CAIRO, Oct 2 (Reuters) - Egyptian prosecutors are investigating a group of 14 detained men on possible charges of denigrating Islam by holding unorthodox beliefs, court sources said on Tuesday.
The men were arrested on Monday in the poor Cairo suburb of Matariya, where police seized books and tapes suspected of containing unconventional beliefs about Muslim pilgrimages, prayer and fasting.
State security prosecutors remanded 13 of the men in custody for 15 days on Tuesday. The leader of the alleged group, a 52-year-old government employee, was remanded in custody for the same period on Monday.
The charge of "denigrating the Islamic religion by spreading extreme ideas" carries a maximum penalty of five years in jail.
Egypt, a mainly Muslim country of 70 million, has tried a number of groups and individuals on the charges in recent years.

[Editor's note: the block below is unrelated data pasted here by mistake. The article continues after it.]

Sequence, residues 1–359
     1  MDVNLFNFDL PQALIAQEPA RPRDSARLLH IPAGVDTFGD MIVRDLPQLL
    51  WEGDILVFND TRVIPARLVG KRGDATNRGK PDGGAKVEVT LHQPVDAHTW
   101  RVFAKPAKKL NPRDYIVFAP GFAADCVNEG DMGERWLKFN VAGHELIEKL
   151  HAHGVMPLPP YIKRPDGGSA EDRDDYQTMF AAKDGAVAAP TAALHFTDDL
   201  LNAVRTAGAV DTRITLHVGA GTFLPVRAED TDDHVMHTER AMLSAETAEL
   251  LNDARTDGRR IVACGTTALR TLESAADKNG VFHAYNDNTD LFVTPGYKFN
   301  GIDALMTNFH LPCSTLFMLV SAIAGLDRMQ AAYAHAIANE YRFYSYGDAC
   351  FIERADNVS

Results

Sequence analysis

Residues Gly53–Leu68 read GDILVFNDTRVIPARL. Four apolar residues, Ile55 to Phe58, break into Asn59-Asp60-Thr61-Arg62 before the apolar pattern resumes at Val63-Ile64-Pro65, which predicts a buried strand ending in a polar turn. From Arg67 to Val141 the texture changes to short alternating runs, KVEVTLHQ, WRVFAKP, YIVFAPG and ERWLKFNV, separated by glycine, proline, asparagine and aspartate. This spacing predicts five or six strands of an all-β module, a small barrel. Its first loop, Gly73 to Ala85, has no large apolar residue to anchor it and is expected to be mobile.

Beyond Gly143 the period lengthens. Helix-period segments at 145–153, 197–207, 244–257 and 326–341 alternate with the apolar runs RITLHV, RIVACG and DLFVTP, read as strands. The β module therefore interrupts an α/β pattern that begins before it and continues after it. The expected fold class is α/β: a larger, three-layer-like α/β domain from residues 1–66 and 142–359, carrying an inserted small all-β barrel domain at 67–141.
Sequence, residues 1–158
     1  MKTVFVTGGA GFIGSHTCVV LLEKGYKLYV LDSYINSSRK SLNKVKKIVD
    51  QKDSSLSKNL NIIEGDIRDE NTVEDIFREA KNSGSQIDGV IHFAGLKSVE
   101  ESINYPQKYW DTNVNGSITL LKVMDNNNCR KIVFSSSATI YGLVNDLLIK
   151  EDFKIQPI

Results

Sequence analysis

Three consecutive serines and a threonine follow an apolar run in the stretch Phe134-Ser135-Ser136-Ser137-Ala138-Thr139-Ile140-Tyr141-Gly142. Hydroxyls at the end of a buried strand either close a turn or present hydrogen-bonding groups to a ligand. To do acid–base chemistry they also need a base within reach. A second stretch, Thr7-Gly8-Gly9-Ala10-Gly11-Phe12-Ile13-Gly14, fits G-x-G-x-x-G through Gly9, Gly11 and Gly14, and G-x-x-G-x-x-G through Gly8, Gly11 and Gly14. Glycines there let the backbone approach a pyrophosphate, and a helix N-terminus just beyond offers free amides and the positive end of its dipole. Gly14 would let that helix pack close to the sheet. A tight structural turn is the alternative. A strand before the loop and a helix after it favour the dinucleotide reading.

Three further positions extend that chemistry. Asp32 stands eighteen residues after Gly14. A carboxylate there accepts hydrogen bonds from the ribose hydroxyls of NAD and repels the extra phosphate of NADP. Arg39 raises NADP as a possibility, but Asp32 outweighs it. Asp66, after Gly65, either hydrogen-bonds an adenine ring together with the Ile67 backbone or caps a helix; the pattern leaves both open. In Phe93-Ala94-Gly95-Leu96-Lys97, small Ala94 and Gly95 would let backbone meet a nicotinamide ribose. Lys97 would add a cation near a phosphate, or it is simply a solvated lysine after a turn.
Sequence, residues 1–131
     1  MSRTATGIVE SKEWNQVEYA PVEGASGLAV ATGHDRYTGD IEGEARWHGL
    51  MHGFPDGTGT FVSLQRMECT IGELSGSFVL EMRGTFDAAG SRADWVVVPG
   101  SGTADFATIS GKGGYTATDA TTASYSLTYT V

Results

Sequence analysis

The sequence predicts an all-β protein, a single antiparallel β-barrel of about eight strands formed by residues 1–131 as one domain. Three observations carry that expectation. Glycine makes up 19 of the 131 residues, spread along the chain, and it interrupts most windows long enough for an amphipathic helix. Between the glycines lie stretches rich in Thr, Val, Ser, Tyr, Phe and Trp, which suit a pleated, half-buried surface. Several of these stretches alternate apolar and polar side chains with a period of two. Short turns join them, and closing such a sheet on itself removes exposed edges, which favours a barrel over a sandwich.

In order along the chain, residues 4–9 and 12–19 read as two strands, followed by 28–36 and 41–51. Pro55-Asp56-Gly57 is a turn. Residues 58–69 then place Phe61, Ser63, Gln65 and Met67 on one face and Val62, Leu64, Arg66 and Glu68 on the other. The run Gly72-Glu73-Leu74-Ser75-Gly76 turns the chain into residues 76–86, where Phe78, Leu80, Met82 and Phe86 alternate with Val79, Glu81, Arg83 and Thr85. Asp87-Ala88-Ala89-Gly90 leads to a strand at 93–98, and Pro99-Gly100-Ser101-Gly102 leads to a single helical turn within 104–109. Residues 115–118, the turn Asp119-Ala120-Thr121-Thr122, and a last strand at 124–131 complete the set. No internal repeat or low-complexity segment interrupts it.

The arrests are seen as separate from the government's fight against radical Islamist political groups who took up arms against the rule of President Hosni Mubarak in the early 1990s.
In a separate case, two of 52 suspected homosexual men currently on trial are accused of "forming a group which aims to exploit the Islamic religion to propagate extremist ideas".
Egypt is home to al-Azhar mosque and university, regarded as one of Islam's highest religious authorities.